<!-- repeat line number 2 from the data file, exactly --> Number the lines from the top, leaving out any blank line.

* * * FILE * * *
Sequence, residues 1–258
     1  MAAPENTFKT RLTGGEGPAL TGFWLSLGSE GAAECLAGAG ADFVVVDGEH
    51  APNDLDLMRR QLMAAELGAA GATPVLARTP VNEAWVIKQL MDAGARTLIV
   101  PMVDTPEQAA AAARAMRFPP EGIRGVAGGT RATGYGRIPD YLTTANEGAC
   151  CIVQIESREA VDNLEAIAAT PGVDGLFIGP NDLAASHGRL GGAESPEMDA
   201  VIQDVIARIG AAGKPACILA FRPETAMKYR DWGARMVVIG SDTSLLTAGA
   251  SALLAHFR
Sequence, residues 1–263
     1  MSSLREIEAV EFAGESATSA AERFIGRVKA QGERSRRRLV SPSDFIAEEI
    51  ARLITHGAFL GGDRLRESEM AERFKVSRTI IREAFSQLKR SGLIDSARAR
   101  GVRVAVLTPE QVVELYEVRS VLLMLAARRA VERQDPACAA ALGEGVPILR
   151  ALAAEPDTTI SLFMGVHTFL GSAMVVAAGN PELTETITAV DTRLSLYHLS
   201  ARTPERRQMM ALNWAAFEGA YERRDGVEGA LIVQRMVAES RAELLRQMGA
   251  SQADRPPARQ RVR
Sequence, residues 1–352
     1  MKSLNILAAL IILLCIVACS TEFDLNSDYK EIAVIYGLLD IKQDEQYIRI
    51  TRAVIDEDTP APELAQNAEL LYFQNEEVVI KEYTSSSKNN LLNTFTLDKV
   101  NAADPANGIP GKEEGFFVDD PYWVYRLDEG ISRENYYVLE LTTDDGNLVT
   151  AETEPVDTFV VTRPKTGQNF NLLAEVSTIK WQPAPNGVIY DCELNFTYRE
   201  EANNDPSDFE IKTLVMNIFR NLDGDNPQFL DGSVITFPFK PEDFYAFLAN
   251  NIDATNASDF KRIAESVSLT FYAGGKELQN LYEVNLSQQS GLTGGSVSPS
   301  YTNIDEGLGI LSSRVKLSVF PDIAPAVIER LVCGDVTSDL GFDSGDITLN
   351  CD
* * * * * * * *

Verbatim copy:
     1  MAAPENTFKT RLTGGEGPAL TGFWLSLGSE GAAECLAGAG ADFVVVDGEH